It was on my 5th consecutive day of bingeing Netflix that I completed Schitt’s Creek. I fell completely in love with the show’s witty sarcasm and I especially related to the fictional dramatic perspectives hurled by the Moira Rose character played by Catherine O’Hara. I am a Los Angeles native whose scheduled trip to visit my in-laws in Mississippi turned into being quarantined in the rural backwoods of the deep south. I was surrounded by nature with the closest neighbors about 5 acres away. My husband and Quartermain Media CEO, James Woods, Jr., was able to quickly transition back to his home state, literally. He ordered a chainsaw, a weedwacker, new boots, and took on a new persona of Farmer James within about 48-hours of realizing we would not be returning to Los Angeles anytime soon. The sounds of nature and peace of the backwoods are definitely soothing to the soul. They are simple reminders about this thing called life. Thankfully, we were safe, we were healthy, our families were good, we even landed new business while working remotely, but somehow my spirit was unsettled. Part of it was having to admit all of the hurt, trials, and tribulations that I experienced in 2019 seemed to pale in comparison to the film production industry coming to a screeching halt. Our company was so close to receiving green lights from networks that saw our potential and desire to expand beyond branded content to create broadcast worthy commercials, television, and film. At the top of March 2020, the finish line was in sight. Only two weeks later, by mid-March, there was a call to quarantine. For days I would cook and hum Whitney Houston’s Didn’t We Almost Have It all. I knew we’d have to switch gears so we began learning about remote video production in order to remix our Quartermain Media offerings. As we checked in on past and current clients I longed for the opportunity to experience the joys I associated with production.  I wanted the type of joy I saw in Farmer James’ face when he barreled his chainsaw through a hefty chunk of wood wearing his Ole Miss T-shirt and yelling out for all the trees to hear, “Yeah Baby!” 

The inevitability of my crochet braids needing to be removed came quickly and prompted immediate action. I ordered some natural hair clip-ins. I was determined to get moving, so I set out with my mask and gloves driving into town to the only CVS for 25 miles and purchased toilet paper, hair gel, hair creamy curling stuff I’d never tried before, mascara, and sparkling fuschia fingernail polish. It wasn’t until I stood in my superwoman pose, holding it for 30-seconds while wearing a hot pink shirt to match my nails that a bit of confidence in myself began to emerge. I stood there, a writer/producer specializing in branded content for YouTube and social media audiences targeting African-Americans who were quarantined in the country of Mississippi. I became evermore determined and pandemic be damned, that I was going to find my joy writing, producing, and creating. I switched up my bingeing routine and immersed myself in the social media work of influencers and creators whom I’d worked with or wanted to work with. They were all still cranking out content with a familiar return to how it all began, raw, in their bedrooms, but now with Ring lighting. Then, the news about the passing of Earl Graves Sr., founder and publisher for Black Enterprise Magazine hit. Knowing about the origins of the magazine and this man led me to explore the lives of other black-owned publishers and editors who paved the way at Jet, Ebony, Essence, and Vibe. I even re-watched the fictional journey of Queen Latifah as Kadijah James and her Flavor Magazine from the 90’s hit show Living Single. All had humble beginnings, starting with almost nothing except brilliant ideas, tenacity, audacity, and the ability to tap into established relationships. They masterfully merged writing, creativity, and print production but also expressed black pride while educating the masses about our achievements and providing an avenue for advertisers to reach African American consumers. Maybe I could produce a magazine to feature Black influencers and culturally-relevant social media conversations. I wrote it all down. I pitched it to James and despite the worry of me being drawn into a black hole, James could see absolute joy and excitement all over my face.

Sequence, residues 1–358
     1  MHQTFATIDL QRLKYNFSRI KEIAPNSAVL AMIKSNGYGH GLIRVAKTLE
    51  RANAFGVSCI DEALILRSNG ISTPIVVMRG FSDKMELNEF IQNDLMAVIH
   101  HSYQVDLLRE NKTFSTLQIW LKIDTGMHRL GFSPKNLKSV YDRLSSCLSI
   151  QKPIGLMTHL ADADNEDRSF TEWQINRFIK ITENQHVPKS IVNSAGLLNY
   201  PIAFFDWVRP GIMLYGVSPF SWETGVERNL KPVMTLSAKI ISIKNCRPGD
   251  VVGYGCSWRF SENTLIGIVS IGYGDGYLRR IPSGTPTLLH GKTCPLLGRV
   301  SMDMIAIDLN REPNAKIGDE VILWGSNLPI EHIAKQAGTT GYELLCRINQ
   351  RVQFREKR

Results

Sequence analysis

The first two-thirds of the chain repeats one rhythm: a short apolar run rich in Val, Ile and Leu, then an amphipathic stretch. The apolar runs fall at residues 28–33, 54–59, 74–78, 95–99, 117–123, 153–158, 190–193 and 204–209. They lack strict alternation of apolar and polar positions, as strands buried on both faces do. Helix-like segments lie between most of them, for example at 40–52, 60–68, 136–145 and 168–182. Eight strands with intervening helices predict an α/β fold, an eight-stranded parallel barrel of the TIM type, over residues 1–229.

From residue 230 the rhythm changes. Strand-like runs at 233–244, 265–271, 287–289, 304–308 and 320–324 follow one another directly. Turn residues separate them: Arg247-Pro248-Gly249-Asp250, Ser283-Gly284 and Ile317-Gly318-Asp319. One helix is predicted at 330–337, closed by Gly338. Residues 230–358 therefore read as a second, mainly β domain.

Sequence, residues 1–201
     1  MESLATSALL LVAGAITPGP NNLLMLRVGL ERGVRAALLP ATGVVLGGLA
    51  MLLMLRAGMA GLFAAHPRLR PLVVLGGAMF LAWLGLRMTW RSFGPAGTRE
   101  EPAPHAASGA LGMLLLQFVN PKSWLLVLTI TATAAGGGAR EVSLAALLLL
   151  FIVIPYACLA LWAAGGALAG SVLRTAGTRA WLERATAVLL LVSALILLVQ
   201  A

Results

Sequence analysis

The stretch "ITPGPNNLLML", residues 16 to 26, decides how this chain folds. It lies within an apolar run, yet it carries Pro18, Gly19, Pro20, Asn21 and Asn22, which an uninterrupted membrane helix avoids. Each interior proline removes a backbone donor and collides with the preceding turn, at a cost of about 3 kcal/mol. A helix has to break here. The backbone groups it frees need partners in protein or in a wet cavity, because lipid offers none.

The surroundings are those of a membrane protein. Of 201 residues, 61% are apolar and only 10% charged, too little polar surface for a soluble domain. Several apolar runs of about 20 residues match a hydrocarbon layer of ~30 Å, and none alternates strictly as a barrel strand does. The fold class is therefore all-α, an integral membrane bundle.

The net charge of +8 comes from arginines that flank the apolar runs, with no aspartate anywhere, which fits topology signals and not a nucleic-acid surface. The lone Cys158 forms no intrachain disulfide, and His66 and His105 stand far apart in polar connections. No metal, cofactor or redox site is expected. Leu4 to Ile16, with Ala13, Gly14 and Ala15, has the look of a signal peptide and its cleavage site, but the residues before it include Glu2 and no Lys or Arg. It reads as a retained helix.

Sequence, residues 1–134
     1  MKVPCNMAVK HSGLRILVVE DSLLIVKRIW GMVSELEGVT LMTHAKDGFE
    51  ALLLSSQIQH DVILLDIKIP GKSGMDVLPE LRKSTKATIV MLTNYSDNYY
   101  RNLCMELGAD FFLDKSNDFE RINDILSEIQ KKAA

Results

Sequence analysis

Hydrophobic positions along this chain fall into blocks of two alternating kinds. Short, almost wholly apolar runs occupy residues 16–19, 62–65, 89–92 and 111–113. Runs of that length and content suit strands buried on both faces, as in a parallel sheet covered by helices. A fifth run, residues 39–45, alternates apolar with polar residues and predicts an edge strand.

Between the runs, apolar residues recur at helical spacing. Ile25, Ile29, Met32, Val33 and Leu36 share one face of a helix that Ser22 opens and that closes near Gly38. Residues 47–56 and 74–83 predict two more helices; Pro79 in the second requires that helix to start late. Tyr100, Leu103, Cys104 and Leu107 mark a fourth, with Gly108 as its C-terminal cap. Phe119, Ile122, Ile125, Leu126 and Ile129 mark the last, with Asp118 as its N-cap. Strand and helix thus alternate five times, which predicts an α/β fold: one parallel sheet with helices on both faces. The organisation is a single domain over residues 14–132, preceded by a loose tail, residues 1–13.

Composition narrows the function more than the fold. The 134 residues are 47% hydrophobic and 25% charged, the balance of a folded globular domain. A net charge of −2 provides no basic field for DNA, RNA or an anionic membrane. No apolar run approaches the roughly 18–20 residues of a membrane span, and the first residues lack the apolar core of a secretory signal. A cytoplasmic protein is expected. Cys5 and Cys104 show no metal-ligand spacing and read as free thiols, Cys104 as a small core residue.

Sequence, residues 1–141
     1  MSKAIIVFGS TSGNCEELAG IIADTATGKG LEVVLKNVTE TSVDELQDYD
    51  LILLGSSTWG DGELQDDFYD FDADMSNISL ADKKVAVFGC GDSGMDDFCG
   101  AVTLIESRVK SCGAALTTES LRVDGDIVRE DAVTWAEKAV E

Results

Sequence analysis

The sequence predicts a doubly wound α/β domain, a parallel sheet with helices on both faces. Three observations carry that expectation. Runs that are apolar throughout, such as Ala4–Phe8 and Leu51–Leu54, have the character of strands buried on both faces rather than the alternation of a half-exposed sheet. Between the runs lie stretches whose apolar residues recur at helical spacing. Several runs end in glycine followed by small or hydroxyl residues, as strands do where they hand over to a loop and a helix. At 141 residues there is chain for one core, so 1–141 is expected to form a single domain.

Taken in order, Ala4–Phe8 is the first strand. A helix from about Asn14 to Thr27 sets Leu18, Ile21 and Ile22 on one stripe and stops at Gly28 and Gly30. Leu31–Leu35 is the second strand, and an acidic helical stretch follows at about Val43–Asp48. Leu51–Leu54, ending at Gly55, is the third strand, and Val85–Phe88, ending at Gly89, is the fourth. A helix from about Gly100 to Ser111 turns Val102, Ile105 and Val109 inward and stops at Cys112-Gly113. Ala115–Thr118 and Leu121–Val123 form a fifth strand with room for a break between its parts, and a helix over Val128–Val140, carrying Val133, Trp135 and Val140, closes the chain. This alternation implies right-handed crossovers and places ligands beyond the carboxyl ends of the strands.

The science of black holes has always been fascinating to me. They are formed when the center of a very massive star collapses on itself. It is still categorized as a star.  Livescience.com states that Einstein’s general theory of relativity says that “you approach the speed of light as you fall into the black hole. So the faster you move through space, the slower you move through time. If you’re able to look forward toward the black hole, you see every object that has fallen into it in the past. And then if you look backwards, you’ll be able to see everything that will ever fall into the black hole behind you.” Can you imagine? 

After making my first call to B. Scott and him agreeing without hesitation, I knew it was time to Cue The Culture. Writing, producing, creating this first issue has not been easy but it has allowed me to experience unimaginably great joy. The impact has had a rippling effect on the lives of every writer and creative associate who helped make this idea a reality. We intentionally fell into this black hole, together. We approached our deadlines at the speed of light, looking backward to honor tradition and looking forward to acknowledging afrofuturism. I hope you will be encouraged by my story of starting something new, be inspired by the stories chronicling Black social media influencers, and be intentional about your own exploration to find your joy.  From all of us at Quartermain Media we want to thank you for your willingness to fall into this black hole. There is so much more we have in store. It begins with Issue One: Genesis.